What I learned about ethics from Sherlock Holmes

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Scoring ethics tests we gave to tribal members from reservations throughout the Great Plains states reminded me a lot of grading math homework.... but, it's probably not in the way you are thinking Actually, I have no idea what you are thinking. I don't even know you.

Here's what I do know - I have looked at hundreds of ethics surveys/ tests in preparation for the talk Erich and I are giving next week for the North Dakota State Supreme Court and what I have found is - a lot of nothing. I mean that very literally. Like Sherlock Holmes in Silver Blaze, when he noted the curious incident of the dog doing nothing, I have found this "nothing" to be very intriguing.

Here is the first reason why, and as much as it pains me to admit it, it comes about in one of those times when I thought Dr. Longie was wrong and probably crazy to boot, but he has lived on the reservation his whole life, not me, so I went along with him and he turned out to be right.

We had a few case studies that we asked people to read and give their answers to one multiple choice question and a few short answer questions. I thought the answers to the questions were so obvious that everyone would answer the same way and, in fact, people would be insulted that we asked such obvious questions. Let me give you an example. Here is a very abbreviated version of the case study:

"The school board members overlooked drug abuse and poor attendance and falsified school records of students who were exceptional athletes. They hired their relatives and fired anyone who disagreed with them. One of the board members was jailed for assault. Other board members mocked and threatened Alan, the one board member who disagreed with them and wanted to enforce school policies and hire the best qualified people, regardless of their relatives. Phyllis was elected to the board but had been off the reservation for months due to medical issues. When she returned she told Alan she didn't see what the problem was, the other board members were just promoting sports because they wanted to see the reservation be known for a success and what is wrong with good publicity for the reservation?"

The multiple choice question was, "Do you agree with Phyllis?"
a) Yes
b) Not Sure
c) No

I thought there should be an option, "Are you #$%^ing  KIDDING me? Of course I don't agree with Phyllis!"

By far, the most common answer was,

"Not sure"

What do you mean you're not sure? They committed fraud, overlooked drug abuse, hired unqualified people, one the board members was thrown in jail for beating someone so bad he was put in the hospital and you're NOT SURE there is a problem? Some people wrote in helpfully, "I would need more information." Like WHAT? Like whether the star quarterback died of a drug overdose? I just don't get it.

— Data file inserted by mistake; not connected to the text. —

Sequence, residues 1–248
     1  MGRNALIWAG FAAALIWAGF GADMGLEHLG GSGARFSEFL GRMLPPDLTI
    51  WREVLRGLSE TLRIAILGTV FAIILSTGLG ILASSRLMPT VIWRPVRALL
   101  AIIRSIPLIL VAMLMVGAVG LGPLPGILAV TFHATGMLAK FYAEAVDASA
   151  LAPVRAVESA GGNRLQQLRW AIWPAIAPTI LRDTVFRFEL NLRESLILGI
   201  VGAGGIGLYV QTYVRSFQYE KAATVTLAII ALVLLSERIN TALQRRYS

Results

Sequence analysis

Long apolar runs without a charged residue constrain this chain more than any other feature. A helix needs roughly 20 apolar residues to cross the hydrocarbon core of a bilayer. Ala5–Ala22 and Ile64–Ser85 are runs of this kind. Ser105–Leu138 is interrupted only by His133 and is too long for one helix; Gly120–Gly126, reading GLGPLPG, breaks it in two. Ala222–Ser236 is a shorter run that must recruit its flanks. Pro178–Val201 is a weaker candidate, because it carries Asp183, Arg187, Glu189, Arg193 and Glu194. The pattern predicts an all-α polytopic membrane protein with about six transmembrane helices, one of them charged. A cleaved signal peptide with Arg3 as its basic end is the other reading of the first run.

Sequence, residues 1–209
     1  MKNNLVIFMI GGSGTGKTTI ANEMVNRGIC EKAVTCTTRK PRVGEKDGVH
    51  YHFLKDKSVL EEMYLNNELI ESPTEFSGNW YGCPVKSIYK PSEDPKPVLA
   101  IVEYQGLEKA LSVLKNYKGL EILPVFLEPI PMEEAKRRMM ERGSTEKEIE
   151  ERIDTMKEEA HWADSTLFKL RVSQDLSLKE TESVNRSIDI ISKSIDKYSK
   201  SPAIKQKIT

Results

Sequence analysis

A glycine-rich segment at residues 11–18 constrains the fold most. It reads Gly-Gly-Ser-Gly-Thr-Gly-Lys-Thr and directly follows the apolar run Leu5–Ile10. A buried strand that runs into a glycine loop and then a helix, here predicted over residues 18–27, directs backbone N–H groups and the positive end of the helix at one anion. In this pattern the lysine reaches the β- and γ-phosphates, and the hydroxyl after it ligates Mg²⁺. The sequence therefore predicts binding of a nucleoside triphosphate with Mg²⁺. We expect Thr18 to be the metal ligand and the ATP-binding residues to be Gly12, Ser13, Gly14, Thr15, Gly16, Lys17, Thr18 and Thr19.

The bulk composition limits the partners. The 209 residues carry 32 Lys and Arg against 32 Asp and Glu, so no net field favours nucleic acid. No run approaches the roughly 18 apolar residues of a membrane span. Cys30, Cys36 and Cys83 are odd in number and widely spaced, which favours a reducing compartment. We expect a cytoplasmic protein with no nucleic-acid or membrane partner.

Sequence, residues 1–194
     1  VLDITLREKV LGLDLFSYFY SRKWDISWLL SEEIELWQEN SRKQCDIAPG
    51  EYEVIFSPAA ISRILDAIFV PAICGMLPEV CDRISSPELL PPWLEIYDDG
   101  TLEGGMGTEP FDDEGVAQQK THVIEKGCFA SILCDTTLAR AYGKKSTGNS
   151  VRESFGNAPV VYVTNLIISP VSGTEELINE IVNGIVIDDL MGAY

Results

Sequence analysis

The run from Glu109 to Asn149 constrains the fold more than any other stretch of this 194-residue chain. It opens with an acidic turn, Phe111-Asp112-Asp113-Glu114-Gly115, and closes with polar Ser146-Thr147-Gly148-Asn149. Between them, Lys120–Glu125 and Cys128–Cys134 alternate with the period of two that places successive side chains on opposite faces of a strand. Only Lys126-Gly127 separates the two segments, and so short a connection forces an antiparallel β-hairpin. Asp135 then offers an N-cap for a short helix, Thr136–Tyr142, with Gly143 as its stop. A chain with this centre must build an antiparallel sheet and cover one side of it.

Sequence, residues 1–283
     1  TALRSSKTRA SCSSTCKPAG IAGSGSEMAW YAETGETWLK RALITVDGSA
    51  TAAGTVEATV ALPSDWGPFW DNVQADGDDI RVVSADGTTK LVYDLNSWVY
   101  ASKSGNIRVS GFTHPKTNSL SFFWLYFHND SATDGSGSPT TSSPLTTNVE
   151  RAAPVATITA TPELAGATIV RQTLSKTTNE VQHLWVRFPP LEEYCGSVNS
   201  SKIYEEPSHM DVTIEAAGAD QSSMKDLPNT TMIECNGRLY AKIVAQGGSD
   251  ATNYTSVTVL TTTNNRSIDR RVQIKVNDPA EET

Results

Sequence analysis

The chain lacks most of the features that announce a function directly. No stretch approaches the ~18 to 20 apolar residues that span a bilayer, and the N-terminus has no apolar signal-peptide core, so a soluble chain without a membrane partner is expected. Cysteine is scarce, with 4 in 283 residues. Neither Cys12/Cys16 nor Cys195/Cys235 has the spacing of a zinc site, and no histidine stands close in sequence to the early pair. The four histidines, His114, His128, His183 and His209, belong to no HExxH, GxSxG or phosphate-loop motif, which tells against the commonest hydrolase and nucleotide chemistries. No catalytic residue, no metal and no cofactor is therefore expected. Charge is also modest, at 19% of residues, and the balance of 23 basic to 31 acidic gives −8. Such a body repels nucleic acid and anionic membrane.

The next question was,

"Please explain why you agree, disagree or are not sure."

Most people left this question blank. In fact, most people left ALL of the case study questions blank, although they answered the multiple choice questions. Those who did answer gave very short answers and sometimes it was hard (for me) to understand how what they wrote was relevant to the question. For example, one person wrote,

"Well, what is her motive?"

Another simply said,

"Yes, a little."

How is this like math? I've taught math for a great many years at every level from middle school through doctoral students. I've found that when people are uncomfortable with the subject, unsure of their knowledge, they don't volunteer information because they're afraid of being wrong. Usually, the less people know about a topic, they less sure they are, the less they write and the more vague they are in their answers, hoping that they might be interpreted as being correct.

I don't really know WHY the responses are like this. One reason I think is that people just have not thought about ethical issues very much. This, too, is like math. Especially with graduate students, I teach a lot of people who haven't thought about math since they took Algebra twenty years ago.

Erich thinks the reason people are uncomfortable is not because they are ignorant about ethics but because they don't WANT to think about issues. To me, that is the same thing, being ignorant by choice.

He gives the analogy of alcoholics who go to treatment. They may still be drinking after  that, but they can no longer lie to themselves that their drinking is not dysfunctional. Erich thinks this may be one of the reasons that people on some reservations don't want to think about ethics, because then they might feel as if they should do something about the ethical problems, starting with themselves, and that makes people really uncomfortable.

I think he might be right.

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